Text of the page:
High-dose escitalopram in the treatment of binge-eating disorder with obesity: a placebo-controlled monotherapy trial.
OBJECTIVE: The purpose of this study was to evaluate the efficacy and safety of high-dose escitalopram in the treatment of binge-eating disorder (BED) associated with obesity. METHOD: Forty-four outpatients with BED by DSM-IV criteria and obesity were randomized to receive either escitalopram (N = 21) or placebo (N = 23) in a 12-week, double-blind, flexible dose (10-30 mg/day) study. RESULTS: In the primary analysis, escitalopram (mean dose 26.5 mg/day) and placebo had similar rates of reduction of binge episodes, binge days and obsessive-compulsive symptoms of BED. However, escitalopram was associated with statistically significant reductions in weight, body mass index (BMI), and global severity of illness scores. In a secondary analysis, escitalopram was associated with statistically significant reductions in frequency of binge episodes and binge days, weight, BMI and severity of illness, but not in obsessive-compulsive symptoms of BED. No changes in metabolic variables, including measures of ghrelin and leptin, were observed. High-dose escitalopram was well tolerated. CONCLUSION: High-dose escitalopram was not efficacious in reducing obsessive-compulsive symptoms of BED, but was efficacious in reducing weight and global severity of illness. No definitive conclusions about its efficacy in reducing binge-eating frequency could be drawn due to limitations related to statistical power.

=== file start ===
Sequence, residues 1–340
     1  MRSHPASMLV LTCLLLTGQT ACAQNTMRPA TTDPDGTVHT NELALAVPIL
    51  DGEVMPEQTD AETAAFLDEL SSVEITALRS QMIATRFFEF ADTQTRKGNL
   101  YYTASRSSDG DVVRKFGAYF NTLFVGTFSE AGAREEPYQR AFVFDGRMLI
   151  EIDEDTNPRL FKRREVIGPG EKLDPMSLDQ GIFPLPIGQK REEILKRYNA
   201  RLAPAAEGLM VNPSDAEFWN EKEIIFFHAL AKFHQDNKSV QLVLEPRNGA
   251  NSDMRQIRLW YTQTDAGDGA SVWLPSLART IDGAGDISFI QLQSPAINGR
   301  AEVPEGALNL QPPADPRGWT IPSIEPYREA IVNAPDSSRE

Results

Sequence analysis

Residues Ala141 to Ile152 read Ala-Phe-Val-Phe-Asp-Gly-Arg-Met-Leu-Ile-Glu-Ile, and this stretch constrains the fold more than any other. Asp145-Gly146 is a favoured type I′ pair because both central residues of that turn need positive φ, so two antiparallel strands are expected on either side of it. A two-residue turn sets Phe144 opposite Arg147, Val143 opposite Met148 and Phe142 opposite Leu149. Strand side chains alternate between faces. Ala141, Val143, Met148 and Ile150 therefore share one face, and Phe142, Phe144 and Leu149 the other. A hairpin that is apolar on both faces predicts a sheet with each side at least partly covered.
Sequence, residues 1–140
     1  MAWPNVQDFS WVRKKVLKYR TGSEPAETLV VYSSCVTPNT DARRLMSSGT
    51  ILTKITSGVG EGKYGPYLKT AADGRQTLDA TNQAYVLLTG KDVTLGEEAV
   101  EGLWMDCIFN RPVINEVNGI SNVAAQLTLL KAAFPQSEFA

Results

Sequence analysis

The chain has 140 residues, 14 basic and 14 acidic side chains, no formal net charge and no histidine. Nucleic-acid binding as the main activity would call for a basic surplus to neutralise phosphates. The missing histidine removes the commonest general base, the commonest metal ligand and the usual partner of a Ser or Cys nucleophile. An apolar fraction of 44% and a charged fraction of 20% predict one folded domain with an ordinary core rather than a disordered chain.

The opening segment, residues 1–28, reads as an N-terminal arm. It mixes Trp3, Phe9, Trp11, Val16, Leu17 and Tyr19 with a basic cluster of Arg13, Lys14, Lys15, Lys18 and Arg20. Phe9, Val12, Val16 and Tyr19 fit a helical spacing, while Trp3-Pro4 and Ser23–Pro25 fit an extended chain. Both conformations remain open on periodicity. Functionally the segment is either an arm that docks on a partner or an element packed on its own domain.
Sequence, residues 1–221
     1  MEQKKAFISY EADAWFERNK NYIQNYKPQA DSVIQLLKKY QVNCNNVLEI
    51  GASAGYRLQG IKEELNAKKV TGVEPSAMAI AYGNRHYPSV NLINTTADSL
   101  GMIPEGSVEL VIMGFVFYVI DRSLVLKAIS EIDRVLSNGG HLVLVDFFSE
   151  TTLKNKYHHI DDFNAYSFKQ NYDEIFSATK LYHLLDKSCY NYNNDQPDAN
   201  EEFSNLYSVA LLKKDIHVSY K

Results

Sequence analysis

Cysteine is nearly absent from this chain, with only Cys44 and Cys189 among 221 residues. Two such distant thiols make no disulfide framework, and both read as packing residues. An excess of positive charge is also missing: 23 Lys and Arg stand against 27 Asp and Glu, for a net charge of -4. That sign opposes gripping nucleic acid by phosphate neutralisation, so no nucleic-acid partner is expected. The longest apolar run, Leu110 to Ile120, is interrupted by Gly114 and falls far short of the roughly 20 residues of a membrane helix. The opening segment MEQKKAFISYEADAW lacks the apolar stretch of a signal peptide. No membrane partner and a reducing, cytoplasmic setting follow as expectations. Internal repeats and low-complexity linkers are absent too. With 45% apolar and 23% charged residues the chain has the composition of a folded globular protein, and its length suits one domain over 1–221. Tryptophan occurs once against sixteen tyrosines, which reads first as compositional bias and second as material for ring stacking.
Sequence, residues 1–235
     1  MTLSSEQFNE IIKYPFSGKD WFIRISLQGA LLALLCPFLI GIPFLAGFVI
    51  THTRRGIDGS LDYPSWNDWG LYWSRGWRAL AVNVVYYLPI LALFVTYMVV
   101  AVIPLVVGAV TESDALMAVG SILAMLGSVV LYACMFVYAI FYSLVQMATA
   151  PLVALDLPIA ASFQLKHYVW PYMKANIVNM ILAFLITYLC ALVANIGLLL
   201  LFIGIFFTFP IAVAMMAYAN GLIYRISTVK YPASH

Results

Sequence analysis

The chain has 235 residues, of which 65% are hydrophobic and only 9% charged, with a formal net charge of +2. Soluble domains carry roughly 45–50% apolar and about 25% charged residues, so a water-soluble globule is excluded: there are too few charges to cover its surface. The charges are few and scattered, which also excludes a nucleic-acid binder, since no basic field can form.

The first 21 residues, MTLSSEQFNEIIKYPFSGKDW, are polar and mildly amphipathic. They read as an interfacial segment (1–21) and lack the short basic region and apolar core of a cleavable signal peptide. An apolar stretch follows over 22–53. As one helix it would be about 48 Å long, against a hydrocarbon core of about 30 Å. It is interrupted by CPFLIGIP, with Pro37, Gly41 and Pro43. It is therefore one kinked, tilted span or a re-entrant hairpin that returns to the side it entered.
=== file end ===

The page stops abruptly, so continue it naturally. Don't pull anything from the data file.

Guerdjikova, AI; McElroy, SL; Kotwal, R; Welge, JA; Nelson, E; Lake, K; Alessio, DD; Keck, PE; Hudson, JI
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